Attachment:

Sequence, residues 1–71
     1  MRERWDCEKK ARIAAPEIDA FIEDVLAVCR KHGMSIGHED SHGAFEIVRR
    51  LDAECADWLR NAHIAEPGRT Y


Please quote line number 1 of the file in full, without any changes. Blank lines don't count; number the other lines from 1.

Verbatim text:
Sequence, residues 1–71